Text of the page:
How social media contributes to body Dysmorphic Disorder
Body Dysmorphic Disorder (BDD) is a mental health disorder that involves an obsession with self-image. If you find yourself obsessing over your flaws or appearance, to the extent where you’re embarrassed to go out in public, you may be suffering from Body Dysmorphic Disorder. Here’s more.
Social media and Body Dysmorphic Disorder (BDD)
Social media is a huge contributor to Body Dysmorphic Disorder. Our Instagram and Facebook timelines are filled with people presenting themselves in the best way. It exposes us to images of “idealised” body types and makes us compare ourselves to others. When you’re constantly exposed to this “perfect reality”, you can easily end up creating an unrealistic image of yourself based on what you see, and may even feel distressed when you’re not able to meet those expectations.
Remember Choma, this isn’t reality. Photo editing and filters are often used to clean-up or retouch photos before they’re posted. Excessive use of photo editing and filters influence what we perceive is 'the best way to look’.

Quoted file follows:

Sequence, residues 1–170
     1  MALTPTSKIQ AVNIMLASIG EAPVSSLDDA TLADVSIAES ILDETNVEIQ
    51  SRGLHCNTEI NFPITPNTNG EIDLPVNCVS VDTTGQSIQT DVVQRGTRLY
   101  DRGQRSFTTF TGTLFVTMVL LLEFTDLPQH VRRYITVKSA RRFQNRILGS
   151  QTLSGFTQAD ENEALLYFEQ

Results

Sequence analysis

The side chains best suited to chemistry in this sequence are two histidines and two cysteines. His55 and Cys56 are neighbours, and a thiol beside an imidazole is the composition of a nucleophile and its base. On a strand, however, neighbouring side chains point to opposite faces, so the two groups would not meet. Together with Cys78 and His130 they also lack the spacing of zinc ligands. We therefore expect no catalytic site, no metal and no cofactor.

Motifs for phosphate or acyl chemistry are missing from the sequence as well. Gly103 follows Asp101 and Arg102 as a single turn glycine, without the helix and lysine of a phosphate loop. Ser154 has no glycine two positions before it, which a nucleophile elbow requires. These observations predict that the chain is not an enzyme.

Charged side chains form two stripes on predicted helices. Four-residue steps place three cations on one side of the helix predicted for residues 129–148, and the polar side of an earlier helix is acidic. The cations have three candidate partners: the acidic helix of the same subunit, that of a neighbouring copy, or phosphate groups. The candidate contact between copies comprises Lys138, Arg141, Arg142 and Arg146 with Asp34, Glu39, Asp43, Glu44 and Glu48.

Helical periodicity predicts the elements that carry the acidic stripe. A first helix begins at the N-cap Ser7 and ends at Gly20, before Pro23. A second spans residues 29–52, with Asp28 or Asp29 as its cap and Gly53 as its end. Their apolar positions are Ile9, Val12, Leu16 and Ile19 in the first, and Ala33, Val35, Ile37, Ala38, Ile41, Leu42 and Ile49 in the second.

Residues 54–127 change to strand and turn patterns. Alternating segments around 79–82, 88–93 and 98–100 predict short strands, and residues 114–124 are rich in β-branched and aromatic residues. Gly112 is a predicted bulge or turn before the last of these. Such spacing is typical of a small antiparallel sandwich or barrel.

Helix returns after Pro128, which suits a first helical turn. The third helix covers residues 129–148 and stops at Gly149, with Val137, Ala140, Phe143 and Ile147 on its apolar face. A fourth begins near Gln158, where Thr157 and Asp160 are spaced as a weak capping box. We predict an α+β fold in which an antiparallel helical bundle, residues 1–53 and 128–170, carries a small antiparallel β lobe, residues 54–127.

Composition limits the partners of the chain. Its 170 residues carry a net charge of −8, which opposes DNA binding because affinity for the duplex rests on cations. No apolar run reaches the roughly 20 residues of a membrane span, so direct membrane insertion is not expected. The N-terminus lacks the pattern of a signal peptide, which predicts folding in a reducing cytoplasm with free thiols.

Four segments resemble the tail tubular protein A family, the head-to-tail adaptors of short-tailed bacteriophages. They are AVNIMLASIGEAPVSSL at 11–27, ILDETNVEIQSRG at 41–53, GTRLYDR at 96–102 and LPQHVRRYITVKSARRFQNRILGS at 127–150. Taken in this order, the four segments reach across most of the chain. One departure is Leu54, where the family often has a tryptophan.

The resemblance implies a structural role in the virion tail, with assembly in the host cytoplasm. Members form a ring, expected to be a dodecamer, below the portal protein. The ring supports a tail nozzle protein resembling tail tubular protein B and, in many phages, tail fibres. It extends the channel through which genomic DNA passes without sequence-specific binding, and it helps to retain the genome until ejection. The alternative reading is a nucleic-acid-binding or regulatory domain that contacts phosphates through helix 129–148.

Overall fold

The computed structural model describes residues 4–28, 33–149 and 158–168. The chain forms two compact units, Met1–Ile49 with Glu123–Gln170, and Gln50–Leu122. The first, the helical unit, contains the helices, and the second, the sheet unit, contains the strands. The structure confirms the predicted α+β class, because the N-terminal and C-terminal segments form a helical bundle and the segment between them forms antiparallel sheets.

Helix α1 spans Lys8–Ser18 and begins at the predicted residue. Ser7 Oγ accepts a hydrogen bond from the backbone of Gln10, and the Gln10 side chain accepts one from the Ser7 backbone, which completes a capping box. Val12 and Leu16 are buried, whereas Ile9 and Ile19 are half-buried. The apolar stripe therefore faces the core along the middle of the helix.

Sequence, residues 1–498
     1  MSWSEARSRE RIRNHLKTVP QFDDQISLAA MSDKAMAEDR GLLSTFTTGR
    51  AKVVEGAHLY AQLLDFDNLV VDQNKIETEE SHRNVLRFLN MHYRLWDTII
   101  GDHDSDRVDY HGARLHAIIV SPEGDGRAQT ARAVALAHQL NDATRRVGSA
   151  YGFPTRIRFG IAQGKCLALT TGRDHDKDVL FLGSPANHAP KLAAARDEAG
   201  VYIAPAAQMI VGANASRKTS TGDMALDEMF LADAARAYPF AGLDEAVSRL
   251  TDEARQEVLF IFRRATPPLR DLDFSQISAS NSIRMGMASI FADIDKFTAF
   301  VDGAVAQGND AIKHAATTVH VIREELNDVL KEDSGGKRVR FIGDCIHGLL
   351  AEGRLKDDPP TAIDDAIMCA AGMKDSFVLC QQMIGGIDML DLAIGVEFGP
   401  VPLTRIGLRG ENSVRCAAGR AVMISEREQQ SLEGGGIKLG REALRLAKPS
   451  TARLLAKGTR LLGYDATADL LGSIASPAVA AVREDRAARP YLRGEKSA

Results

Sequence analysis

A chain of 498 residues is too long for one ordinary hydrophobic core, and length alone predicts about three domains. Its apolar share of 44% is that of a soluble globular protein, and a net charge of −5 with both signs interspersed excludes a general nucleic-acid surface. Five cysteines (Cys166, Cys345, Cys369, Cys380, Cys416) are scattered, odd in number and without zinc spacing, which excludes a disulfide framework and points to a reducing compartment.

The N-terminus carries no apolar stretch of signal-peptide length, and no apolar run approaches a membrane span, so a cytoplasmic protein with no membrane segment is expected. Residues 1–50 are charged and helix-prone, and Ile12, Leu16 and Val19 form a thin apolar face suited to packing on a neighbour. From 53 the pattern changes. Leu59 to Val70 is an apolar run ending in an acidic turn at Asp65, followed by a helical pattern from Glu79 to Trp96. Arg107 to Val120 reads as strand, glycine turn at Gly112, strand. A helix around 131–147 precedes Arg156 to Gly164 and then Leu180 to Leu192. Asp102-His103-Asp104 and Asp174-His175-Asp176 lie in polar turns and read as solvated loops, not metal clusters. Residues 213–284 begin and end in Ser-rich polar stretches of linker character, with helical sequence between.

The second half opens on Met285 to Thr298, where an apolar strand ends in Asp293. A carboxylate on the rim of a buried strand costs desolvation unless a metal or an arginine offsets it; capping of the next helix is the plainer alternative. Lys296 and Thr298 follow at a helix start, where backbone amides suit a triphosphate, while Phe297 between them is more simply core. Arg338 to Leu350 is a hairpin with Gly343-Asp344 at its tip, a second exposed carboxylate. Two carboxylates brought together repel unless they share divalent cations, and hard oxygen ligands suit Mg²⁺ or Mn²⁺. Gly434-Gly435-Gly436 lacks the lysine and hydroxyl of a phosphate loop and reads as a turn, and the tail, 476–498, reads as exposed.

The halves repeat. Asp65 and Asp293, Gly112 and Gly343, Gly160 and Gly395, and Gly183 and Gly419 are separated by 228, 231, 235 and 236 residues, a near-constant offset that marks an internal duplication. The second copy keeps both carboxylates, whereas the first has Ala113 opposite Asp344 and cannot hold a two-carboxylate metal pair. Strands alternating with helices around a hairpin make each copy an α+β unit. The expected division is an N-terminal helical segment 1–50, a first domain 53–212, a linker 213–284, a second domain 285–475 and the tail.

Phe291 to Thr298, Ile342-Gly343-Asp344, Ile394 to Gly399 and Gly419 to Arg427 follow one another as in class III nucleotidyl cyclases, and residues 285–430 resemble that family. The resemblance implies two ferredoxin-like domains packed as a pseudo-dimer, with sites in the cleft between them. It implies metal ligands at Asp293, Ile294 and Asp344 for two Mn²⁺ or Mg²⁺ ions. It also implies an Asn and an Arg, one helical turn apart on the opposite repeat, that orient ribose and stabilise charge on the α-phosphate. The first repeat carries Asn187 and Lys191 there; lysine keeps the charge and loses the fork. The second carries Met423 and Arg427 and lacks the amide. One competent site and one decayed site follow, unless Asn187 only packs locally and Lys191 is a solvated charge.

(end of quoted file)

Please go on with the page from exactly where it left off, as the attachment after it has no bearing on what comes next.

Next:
Body Dysmorphic Disorder can only be diagnosed by a mental health professional, if you feel like you are suffering from BDD, it’s advised that you see a healthcare provider. If you find yourself becoming more self-conscious because of social media, here’s what you can do.
Take a break
If you find yourself feeling down after scrolling through social media, consider taking a break from it for a while. There’s no harm in taking a social media break once in a while. This will not only give you time to focus more on school or work, but it’s also good for your mental health.
Unfollow accounts that don't make you feel good
Pay attention to the accounts or pages that affect your self-esteem or make you feel down. If you feel triggered by someone’s social media account, there’s no harm in unfollowing them. It’s important to create a healthy social media environment for yourself.
Create a supportive social media environment
Follow pages or accounts that make you feel inspired rather than demotivated or unhappy. There are a lot of positive pages and support groups that can help shift your mindset about "ideal" body types and lifestyles.
It’s very easy to become consumed by social media and admire the things we see when scrolling through our timelines. Just remember that what we see online, is not always reality. If you find yourself feeling down or depressed because of social media, you may need to re-evaluate your social media community.
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